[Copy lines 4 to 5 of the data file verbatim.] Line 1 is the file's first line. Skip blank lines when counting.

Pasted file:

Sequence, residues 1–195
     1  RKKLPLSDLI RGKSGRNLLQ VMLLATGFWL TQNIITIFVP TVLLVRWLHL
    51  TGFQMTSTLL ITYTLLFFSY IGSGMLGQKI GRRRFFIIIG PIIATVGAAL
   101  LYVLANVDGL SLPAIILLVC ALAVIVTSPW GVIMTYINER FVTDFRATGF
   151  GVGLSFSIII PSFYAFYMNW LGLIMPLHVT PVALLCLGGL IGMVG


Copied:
   101  LYVLANVDGL SLPAIILLVC ALAVIVTSPW GVIMTYINER FVTDFRATGF
   151  GVGLSFSIII PSFYAFYMNW LGLIMPLHVT PVALLCLGGL IGMVG